Pat Larkin’s children not only go to school with my children, but he was my son’s first basketball coach. Yet, he and I really did get to know one another until about a year ago when he reached out to me via twitter. Two weeks later we met for coffee with our respective families at our favorite breakfast place in Exeter, Me & Ollies. Since then, Patrick and I have not only cultivated a valued professional relationship, but also a terrific friendship. He and I traveled to Educon together (along with Eric Conti), organized the first Northern New England Tweetup (#nnetweetup) in Newburyport, MA, and correspond nearly daily. To say that he has become one of the most valued members of my PLN would be a massive understatement. I respect his leadership immensely, and truly value his friendship. So when I first thought of this idea to have a guest blog series, Patrick was the first person I asked. I am honored to host his post below:
I am constantly amazed at the free-ride we get in public schools in regards to some of our traditional practices. With this in mind, we have been having a lot of discussions here at Burlington High lately about student voice and encouraging students to ask questions about some of the practices that they feel need to be revised in our school. Having said this, you can imagine my excitement when I got the following e-mail from one of my students:
Dear Mr. Larkin
I’m unsure as to whether this is the right place to talk to you about my concern about how each class works with the student GPAs, but I’m going to give it a shot. As a student, I study hard and I suppose I’m a competitive student. What I find ridiculous is how some students have it easier than others. For example: If a group of students are taking an honors class and there are two teachers who teach it, one teacher may be more lenient than the other. So while the students with the more difficult teacher work harder for the A, the students in the other may not have to work as hard to receive that A. I’ve seen this with an Alegbra II class and I’m filled with discontent that while my classmates and I work hard to get a decent grade (some who are brilliant, hard-working students that receive a B), the students in the other class hardly have to work hard, and almost all of them receive A’s when I know that a majority don’t work hard. I know that it’s impossible to have all students be taught under one teacher to make things fair, but the situation I just described sort of throws the class ranking off, as students are receiving A’s when they don’t deserve it.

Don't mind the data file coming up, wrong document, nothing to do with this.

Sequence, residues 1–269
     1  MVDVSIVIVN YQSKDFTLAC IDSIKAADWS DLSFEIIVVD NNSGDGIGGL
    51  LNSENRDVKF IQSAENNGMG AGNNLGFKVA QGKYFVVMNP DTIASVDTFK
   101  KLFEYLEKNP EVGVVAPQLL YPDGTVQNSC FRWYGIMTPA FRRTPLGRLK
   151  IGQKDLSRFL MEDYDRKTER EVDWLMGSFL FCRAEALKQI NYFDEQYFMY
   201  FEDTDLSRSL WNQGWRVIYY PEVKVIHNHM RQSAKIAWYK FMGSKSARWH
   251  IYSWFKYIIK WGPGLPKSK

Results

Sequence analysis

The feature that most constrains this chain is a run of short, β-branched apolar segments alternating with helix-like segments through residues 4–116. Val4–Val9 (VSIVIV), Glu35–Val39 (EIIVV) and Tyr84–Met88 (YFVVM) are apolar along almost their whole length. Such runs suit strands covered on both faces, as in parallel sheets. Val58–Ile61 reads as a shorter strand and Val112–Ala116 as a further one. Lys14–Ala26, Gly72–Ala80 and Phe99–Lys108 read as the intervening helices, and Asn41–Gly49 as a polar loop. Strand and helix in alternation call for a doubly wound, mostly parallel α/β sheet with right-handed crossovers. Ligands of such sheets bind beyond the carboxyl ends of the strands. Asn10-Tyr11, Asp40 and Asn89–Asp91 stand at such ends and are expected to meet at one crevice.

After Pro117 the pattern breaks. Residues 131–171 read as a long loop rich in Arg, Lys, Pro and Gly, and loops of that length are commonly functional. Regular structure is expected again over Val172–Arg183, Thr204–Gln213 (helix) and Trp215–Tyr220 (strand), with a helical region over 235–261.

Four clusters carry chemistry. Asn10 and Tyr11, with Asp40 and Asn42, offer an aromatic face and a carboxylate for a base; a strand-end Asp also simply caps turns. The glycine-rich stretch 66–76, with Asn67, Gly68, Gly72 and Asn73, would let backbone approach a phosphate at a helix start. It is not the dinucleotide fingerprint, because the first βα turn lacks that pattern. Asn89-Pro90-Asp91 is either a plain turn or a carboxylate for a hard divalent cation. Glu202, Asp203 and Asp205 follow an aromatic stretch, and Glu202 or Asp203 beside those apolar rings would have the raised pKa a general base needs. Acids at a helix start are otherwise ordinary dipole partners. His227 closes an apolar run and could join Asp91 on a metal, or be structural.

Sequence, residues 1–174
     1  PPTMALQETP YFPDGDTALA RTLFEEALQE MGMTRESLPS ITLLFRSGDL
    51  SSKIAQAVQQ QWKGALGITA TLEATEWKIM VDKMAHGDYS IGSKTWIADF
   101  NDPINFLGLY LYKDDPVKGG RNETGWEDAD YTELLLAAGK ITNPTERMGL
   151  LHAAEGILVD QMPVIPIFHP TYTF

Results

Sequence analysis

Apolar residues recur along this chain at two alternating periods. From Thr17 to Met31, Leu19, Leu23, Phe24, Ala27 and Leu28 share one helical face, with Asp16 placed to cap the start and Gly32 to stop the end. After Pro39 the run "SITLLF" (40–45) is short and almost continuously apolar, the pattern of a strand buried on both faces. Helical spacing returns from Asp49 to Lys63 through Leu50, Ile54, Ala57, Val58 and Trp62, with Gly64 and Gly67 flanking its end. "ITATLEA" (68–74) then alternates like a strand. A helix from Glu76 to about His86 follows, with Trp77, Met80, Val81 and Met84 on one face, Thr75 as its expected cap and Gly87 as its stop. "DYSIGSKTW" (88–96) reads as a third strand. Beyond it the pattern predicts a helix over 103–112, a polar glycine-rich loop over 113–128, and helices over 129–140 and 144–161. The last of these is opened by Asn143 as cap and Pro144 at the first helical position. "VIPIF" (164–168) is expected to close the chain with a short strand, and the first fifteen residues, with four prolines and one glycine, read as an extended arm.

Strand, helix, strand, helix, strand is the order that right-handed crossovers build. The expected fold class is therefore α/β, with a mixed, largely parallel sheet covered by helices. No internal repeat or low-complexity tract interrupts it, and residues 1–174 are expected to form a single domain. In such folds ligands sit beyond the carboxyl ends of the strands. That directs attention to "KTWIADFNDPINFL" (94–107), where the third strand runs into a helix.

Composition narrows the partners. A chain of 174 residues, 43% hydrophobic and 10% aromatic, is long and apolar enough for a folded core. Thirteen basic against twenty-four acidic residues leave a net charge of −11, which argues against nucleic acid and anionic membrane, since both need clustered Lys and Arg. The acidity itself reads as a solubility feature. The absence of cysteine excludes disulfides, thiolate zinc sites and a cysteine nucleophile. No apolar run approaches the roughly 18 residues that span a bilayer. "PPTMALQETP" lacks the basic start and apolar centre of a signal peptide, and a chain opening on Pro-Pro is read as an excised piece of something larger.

All I can say is wow! This student has his eyes wide-open and he has nailed one of the biggest issues we have in our schools. Grades, grade point averages, class rank, etc. really don’t have any validity. On another note, kudos to this student for articulating this issue so clearly and so respectfully. Part of our mission is to teach responsible citizenship to our students so that they will ask tough questions. At least in the case of this student, our mission has been accomplished.
So while I have grown quite fond of saying, “This is not a Burlington High School problem, this is a public education problem,” my intention is not to utter a disclaimer that takes us off the hook and implies that there is nothing we can do. But having been in three high schools that have all had the same issue described by this student, I don’t have a quick and tidy answer.
How do we resolve this issue? Or is it one that we can only minimize and not resolve completely?